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Conversations from the Four Rivers Region

Posts Tagged ‘Mississippi

the morning cram [the shaken, not stirred, edition]

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Syrian regime has “License to Kill” after diplomatic impasse

NPR reports at least 15 dead following government bombings this weekend

OVC Scores…

Kentucky~ Thousands of Kentuckians visited the downed Eggners Ferry Bridge.  Emergency management officials say they are better prepared to handle disasters. Two have been arrested in connection to the slaying of a Fort Campbell soldier.  Activists invite lawmakers to a  tea party.

Tennessee~ Six state environmental panels are being reduced to three. A state-wide earthquake drill is set for Tuesday.

the morning cram [spare rib edition]

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A T-Rex is now united with a long lost rib.

NPR reports the first complete Tyranasaurus Rex skeleton discovered in 1902 has been without a rib since the second world war. That is until now.

Western Kentucky and Tennessee are eyeing river port development.

Kentucky~ A fatal accident closed I-24 in McCracken yesterday. A Judge says kidnapping case stays in McCracken. If you need eye surgery, an optometrist can do it.

Illinois~ Those who were adopted will be able to see their original birth certificate. There are more poor people in the state. Gov Quinn says casinos could hurt education. Lt Gov Simon says she opposes utility rate increases.

Tennessee~ A Clarksville women’s clinic is getting bigger. Harwell hit back on voter ID comments.

Good Read – “Cahokia”

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by Timothy Pauketat

Buy this book on Amazon.
(Your purchase supports WKMS!)

Product Description:
While Mayan and Aztec civilizations are widely known and documented, relatively few people are familiar with the largest prehistoric Native American city north of Mexico-a site that expert Timothy Pauketat brings vividly to life in this groundbreaking book. Almost a thousand years ago, a city flourished along the Mississippi River near what is now St. Louis. Built around a sprawling central plaza and known as Cahokia, the site has drawn the attention of generations of archaeologists, whose work produced evidence of complex celestial timepieces, feasts big enough to feed thousands, and disturbing signs of human sacrifice. Drawing on these fascinating finds, Cahokia presents a lively and astonishing narrative of prehistoric America.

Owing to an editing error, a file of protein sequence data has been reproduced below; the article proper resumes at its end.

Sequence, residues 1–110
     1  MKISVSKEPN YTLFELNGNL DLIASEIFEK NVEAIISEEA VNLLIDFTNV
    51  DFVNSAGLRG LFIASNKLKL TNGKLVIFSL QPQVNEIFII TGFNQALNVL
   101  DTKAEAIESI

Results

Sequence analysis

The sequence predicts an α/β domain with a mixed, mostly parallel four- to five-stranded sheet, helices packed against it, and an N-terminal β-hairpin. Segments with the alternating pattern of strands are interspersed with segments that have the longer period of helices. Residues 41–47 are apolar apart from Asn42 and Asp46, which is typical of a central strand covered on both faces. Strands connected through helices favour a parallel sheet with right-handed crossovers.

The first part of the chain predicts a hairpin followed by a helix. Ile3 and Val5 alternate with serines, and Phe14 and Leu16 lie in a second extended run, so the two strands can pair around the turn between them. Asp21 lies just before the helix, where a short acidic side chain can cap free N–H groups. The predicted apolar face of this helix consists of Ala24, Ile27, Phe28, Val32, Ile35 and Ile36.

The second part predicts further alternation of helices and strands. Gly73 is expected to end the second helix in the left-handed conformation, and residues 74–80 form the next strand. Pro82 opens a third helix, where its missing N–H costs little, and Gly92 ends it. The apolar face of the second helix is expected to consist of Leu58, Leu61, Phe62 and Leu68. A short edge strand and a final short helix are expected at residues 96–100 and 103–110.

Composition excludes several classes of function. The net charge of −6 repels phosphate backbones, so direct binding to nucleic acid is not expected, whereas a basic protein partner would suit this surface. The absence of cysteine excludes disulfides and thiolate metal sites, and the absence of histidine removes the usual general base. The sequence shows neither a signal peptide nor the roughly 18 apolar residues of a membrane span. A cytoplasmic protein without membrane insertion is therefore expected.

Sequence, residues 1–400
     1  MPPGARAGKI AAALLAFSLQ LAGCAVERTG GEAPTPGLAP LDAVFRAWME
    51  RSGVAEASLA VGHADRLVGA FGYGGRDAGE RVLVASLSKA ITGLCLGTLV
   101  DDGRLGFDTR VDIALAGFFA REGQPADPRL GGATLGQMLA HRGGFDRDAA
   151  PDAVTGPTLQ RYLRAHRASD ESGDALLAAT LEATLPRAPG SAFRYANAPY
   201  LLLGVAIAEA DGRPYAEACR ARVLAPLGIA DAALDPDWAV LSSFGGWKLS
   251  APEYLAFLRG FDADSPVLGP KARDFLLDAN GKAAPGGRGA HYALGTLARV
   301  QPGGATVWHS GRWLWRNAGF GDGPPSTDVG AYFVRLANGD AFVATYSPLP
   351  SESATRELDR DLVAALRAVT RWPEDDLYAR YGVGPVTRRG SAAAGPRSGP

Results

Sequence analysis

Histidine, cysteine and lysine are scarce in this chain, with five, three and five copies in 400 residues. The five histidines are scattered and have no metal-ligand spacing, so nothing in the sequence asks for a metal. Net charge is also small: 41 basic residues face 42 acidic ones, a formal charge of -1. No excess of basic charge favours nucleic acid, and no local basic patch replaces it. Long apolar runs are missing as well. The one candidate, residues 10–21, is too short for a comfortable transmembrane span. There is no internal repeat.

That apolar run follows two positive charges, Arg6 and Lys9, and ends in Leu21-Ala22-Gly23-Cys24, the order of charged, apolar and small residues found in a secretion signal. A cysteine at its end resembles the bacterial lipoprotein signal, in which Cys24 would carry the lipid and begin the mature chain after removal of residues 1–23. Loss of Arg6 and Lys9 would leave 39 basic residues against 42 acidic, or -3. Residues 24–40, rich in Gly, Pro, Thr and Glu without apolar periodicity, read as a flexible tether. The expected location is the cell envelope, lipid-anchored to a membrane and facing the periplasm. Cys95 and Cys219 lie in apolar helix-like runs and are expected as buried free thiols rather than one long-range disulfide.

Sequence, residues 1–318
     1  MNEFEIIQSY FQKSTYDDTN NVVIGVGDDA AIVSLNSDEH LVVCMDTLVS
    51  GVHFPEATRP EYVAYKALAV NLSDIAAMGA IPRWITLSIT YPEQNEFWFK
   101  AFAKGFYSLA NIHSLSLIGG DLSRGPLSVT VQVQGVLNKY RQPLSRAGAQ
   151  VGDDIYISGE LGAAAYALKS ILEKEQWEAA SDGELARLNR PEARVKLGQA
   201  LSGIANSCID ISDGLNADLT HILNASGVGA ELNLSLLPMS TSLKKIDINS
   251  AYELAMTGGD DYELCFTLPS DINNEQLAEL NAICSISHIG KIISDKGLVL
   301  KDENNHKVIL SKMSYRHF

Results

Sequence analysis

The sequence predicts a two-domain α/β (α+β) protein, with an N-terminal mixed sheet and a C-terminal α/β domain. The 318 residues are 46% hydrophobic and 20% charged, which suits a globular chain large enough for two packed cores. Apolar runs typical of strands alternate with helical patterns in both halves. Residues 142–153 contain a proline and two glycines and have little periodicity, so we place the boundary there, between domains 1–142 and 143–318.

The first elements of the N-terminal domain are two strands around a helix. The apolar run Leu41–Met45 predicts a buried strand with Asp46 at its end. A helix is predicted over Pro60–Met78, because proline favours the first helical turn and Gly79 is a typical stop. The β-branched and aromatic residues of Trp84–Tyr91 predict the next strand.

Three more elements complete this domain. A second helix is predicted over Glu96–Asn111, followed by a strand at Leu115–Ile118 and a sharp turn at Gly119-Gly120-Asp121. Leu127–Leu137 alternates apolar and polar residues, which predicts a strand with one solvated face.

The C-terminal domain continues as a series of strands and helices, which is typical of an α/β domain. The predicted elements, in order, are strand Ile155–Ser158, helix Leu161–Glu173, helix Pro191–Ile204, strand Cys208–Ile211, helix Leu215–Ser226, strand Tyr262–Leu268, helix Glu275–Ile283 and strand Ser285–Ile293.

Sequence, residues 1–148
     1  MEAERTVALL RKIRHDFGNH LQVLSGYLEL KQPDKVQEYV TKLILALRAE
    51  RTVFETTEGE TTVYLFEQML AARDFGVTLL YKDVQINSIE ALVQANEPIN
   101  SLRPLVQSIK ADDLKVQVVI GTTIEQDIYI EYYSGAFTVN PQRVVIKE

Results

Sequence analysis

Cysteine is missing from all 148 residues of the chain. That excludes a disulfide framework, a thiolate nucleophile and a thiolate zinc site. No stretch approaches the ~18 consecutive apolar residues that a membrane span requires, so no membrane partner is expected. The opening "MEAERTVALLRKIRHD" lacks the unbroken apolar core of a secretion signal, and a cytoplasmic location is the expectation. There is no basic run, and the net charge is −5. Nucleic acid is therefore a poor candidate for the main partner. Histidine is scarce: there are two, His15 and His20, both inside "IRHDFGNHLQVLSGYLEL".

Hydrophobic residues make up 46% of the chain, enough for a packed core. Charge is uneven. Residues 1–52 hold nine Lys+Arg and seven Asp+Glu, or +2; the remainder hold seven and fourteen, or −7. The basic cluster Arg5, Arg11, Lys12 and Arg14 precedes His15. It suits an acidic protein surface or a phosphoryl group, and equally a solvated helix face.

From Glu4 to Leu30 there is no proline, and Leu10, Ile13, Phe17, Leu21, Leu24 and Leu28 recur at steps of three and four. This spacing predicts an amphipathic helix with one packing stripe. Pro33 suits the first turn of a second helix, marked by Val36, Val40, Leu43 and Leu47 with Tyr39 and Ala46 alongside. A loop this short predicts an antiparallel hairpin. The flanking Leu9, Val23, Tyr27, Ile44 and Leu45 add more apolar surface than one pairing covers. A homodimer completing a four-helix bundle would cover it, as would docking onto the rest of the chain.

Kate Lochte says:

“WKMS Morning Edition host Todd Hatton told me I’d enjoy Cahokia by anthropologist Timothy R. Pauketat, and I did. Perchance you’ve visited the mounded remains of this city which was a bustling cultural center in the year 1050 across from St. Louis, MO? Standing atop Monk’s Mound summons the ancients. Pauketat’s book seeks to place Cahokia in the context of the indigenous civilizations of the Mississippi Valley through fascinating analysis of physical and spiritual artifacts and their interpretation by generations of scientists and archaeologists whose approaches vary with the political-theoretical trending of their academic fields over the years. Since childhood, the great ancient monuments of the American Southwest have captivated me, but the ancient life in our very coverage area only came to life for me upon visiting Wickliffe Mounds three decades ago. The feeling at Cahokia – a significantly larger community than Wickliffe – was as strong for me as standing in the Great Kiva at Mesa Verde or the Serpent Mound in Southeast Ohio. Read the book and you too will want to know more about mysteries like the pecked-out map on a boulder in Thebes Gap’s Grand Chain on the Mississippi and the Red Man Art in the Gottschall Rockshelter and Picture Cave. Too bad educators don’t go into these great stories with kids – or do you?”

Check out our Good Reads page for more recommended books.

Written by Matt Markgraf

October 27, 2010 at 9:30 am

morning cram [psycho brain edition]

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“See it in their eyes… an intensity in their stare, as if they’re trying to pick up signals on how to respond. But the eyes are not an element of psychopathy, just a clue.”

~NPR has more.

KENTUCKY~ A cucumber truck spill on WKY Parkway in Caldwell County is slowing traffic (this morning). McCracken County may grant developer incentives. A West Paducah mom (allegedly) writes a fake letter to get her son out of jail. A Fort Campbell soldier from Arizona died in Afghanistan in a non-combat incident and another lost an appeal for possessing a rocket at his home. Madisonville expands its recycling effort. The Commonwealth ranks 3rd fattest in the nation.

TENNESSEE~ Clarksville’s next budget may include iPads for City Council members. Unemployment in Henry County drops almost 1% in April to May.

ILLINOIS~ Union/Honeywell negotiations remain a stalemate. There’s a call to strip some elected Metropolis officials’ health insurance coverage.